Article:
Viking

The loss of Viking was among the most painful losses I’ve ever experienced. He was so unique, so beautiful and so very loved. Viking was born from a crazy accident where a shetland pony got loose and was bred by a Gypsy Vanner stallion. This happy accident was apparently unwelcome as they were both sold to auction. At 2 weeks old he found a new home – at 6 months old he found his third. At 8 months old he was so aggressive his owners couldn’t contain him. He was sent to a rescue, where he grew up.

At 4 years old he finally came home with us. The first year was rough. He was hard to contain, hard to lead, hard to groom, hard to do anything with. We experimented with a number of ways of working with him and put a heavy focus on his positive reinforcement training. We worked hard with him regularly but he just struggled. It was like his brain and body were fighting with each other. Finally we cleared it up. He was neurological. His spine was compressed in a way that pinched his nerves. He literally couldn’t control or feel parts of his body, his body just didn’t do what it was told and he was SO frustrated with it. Despite all this he was actually a happy little boy, playful and silly. He loved playing with toys and fighting with friends over the fence. He lived with his surrogate momma, Tank who tolerated him fairly well. Eventually he switched to Wispy who cared about him much more, she even allowed him to suckle on her feathers – what a silly boy. He loved playing clicker games and while sometimes he would get frustrated with his body, he would just storm off for a few furious laps until he settled back into playing.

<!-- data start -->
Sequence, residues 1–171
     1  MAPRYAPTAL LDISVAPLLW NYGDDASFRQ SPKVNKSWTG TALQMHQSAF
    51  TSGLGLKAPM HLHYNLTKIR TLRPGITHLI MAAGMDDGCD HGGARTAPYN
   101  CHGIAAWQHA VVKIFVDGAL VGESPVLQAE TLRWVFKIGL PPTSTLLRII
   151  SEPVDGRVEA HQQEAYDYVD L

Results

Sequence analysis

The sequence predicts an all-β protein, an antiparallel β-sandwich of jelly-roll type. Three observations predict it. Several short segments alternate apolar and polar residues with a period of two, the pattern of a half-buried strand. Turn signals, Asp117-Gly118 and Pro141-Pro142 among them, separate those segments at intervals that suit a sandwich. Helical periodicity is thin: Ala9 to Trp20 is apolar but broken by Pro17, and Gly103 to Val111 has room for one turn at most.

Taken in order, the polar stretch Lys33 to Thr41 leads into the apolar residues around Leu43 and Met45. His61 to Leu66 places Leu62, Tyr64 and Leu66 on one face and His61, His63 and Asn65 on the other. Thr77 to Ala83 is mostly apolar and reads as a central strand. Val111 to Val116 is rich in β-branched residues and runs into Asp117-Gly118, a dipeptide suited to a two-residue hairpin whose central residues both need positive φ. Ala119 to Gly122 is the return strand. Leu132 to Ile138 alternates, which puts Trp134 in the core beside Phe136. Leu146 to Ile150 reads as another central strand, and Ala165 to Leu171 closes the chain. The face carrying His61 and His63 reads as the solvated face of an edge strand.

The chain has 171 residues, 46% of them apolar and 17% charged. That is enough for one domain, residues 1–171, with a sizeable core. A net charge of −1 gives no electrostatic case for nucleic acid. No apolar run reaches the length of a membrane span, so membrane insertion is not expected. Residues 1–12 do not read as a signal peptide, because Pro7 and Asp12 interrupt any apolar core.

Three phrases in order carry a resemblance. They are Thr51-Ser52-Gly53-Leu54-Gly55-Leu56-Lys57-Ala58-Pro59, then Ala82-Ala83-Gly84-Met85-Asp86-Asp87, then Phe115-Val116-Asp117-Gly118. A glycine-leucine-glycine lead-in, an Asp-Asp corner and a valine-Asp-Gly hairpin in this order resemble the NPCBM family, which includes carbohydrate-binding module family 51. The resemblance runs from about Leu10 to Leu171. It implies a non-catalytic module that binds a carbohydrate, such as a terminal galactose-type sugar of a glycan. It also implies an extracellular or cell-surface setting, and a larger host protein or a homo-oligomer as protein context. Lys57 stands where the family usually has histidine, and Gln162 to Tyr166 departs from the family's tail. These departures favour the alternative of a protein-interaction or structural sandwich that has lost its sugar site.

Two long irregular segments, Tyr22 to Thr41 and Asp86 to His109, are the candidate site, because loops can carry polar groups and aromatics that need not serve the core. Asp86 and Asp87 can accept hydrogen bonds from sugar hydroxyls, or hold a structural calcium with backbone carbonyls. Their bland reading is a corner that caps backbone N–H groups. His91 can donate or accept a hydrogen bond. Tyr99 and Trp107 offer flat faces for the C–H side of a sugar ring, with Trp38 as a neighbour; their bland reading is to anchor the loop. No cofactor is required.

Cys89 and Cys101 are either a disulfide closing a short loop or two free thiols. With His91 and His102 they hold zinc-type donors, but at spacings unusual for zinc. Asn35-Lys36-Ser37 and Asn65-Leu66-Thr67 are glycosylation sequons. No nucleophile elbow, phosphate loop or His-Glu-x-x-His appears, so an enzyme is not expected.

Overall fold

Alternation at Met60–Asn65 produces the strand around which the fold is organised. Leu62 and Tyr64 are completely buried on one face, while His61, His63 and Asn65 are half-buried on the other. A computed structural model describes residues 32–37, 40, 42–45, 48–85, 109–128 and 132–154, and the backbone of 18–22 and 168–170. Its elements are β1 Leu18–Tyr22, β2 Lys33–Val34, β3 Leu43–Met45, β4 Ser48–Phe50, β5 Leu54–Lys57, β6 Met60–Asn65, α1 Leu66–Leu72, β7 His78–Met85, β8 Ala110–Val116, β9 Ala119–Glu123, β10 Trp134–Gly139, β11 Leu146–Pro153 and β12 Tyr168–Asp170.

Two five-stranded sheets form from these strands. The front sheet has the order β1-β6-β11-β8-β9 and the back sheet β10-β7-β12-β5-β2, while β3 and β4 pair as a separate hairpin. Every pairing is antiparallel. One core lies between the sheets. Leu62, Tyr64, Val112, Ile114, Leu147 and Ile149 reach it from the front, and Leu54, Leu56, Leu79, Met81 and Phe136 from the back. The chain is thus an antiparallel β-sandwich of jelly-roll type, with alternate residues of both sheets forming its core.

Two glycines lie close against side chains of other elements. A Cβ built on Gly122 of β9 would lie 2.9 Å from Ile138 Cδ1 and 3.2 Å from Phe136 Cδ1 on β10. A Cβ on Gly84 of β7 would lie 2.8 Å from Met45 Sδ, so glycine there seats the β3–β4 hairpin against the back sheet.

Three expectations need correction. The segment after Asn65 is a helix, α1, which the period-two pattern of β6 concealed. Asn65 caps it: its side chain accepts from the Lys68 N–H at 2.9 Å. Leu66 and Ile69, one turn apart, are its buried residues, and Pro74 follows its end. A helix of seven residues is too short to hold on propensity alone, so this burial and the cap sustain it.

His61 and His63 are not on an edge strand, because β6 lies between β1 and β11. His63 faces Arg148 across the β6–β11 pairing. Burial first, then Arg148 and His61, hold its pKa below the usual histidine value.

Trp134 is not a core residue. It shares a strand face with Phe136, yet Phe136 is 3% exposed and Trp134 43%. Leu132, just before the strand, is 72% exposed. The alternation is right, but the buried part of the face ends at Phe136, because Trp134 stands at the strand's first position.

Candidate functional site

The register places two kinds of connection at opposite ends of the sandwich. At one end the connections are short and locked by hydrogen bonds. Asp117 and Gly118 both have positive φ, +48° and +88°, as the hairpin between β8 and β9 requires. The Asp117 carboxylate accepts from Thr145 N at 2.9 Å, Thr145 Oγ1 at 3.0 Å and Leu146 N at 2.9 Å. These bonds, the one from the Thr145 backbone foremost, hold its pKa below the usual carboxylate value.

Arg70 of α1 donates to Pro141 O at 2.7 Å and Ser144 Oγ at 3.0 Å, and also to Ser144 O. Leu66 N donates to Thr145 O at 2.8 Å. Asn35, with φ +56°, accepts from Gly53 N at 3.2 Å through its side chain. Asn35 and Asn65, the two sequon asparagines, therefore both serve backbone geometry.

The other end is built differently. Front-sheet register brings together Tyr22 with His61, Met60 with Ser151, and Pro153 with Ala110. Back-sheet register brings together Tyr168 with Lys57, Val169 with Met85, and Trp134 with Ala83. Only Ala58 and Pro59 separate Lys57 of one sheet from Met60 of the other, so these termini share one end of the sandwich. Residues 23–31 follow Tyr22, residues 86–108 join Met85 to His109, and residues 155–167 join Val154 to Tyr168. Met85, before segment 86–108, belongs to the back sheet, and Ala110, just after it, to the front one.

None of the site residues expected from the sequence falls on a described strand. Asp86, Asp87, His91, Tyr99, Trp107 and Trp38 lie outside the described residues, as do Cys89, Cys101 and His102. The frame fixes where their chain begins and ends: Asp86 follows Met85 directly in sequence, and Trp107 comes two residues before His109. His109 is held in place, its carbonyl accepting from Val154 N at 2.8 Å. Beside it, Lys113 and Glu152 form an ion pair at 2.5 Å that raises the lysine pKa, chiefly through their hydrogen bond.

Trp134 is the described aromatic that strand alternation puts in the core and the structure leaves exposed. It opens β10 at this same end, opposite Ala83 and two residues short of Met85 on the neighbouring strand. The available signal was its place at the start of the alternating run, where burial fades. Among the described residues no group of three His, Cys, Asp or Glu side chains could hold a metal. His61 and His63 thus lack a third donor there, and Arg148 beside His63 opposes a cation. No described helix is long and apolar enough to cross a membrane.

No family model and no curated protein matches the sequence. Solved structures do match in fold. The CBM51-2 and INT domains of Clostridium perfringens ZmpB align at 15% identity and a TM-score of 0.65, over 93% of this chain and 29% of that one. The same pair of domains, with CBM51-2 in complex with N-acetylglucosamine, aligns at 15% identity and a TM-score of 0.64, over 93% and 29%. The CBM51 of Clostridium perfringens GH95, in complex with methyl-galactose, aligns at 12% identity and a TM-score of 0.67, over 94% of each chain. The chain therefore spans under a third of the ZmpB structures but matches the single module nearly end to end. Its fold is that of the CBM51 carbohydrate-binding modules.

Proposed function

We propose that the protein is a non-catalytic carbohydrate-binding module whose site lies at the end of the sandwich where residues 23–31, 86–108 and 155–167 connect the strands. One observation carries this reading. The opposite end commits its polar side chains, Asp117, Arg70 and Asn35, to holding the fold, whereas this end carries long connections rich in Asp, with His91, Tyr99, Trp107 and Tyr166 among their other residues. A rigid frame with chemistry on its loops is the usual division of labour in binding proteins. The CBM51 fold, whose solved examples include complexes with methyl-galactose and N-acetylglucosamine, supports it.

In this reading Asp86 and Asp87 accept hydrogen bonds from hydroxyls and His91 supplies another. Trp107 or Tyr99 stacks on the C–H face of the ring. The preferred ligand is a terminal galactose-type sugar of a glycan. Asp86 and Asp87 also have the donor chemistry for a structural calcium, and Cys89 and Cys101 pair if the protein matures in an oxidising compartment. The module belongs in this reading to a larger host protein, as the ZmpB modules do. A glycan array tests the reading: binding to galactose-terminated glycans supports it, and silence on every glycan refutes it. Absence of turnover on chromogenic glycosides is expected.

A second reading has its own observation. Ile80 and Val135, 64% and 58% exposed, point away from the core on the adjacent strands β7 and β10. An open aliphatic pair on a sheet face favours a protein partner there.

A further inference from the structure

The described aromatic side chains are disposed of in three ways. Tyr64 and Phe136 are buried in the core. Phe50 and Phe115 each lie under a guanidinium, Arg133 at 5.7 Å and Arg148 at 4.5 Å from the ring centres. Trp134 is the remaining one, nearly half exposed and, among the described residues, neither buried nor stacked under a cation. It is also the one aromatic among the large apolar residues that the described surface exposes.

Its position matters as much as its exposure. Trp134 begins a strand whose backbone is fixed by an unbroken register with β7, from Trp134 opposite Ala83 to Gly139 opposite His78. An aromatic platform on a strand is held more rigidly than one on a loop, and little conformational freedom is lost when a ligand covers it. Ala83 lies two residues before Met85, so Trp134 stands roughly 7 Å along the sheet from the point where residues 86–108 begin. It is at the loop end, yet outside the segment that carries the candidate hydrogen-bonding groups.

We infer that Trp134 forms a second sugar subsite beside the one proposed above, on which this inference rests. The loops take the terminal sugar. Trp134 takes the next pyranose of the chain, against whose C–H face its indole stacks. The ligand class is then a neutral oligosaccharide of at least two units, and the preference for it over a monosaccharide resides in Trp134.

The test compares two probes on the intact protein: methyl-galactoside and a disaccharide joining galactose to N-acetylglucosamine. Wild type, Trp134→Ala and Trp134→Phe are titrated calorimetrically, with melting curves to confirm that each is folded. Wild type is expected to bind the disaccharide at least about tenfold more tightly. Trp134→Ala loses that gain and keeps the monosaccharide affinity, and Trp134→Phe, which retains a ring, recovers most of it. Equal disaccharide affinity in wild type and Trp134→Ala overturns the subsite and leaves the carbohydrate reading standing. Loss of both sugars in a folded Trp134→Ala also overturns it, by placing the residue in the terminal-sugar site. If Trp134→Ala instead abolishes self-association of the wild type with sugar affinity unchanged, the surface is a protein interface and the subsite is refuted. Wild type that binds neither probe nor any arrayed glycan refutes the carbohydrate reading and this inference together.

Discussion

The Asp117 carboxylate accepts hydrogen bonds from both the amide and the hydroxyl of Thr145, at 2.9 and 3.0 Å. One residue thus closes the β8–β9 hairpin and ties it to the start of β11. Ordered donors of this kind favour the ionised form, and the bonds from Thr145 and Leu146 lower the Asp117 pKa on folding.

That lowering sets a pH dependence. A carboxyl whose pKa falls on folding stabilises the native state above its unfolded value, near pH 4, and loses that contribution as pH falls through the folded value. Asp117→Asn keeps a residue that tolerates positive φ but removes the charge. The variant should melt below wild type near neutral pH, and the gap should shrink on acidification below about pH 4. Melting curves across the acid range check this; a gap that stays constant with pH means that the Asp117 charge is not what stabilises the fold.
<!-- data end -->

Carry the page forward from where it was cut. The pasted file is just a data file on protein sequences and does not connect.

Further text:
In his last year our oldest student Emerson began working with him intensely. She spent many hours a day working on physical therapy exercises, helping him learn to control his body and become aware of his surroundings. All of course with positive reinforcement. They had a wonderful time together – he learned to love being groomed, getting his whole body itched and scratched (which he couldn’t do for himself, as he couldn’t roll). Together he had learned so much, but his disease progressed. His body struggled to keep up with him, his head aches and coordination worsened. So they were forced to work more specifically on his physical therapy, massage and chiropractor. Gradually he lost his ability to have his hooves trimmed, he was too painful.

After all the effort and love, we weren’t able to stop the progression of his disease as his body continued to fail him. When his hind end could no longer support him we said a terrible farewell. He had a short 6 years here on earth – but his last was the most wonderful any horse could ask for. He has known the love of a young girl. She will hold him in a unique place in her heart forever.

His ashes are buried in our memorial garden and placed special statues out for him. He was so unique, so sweet. He will be sorely missed and forever loved.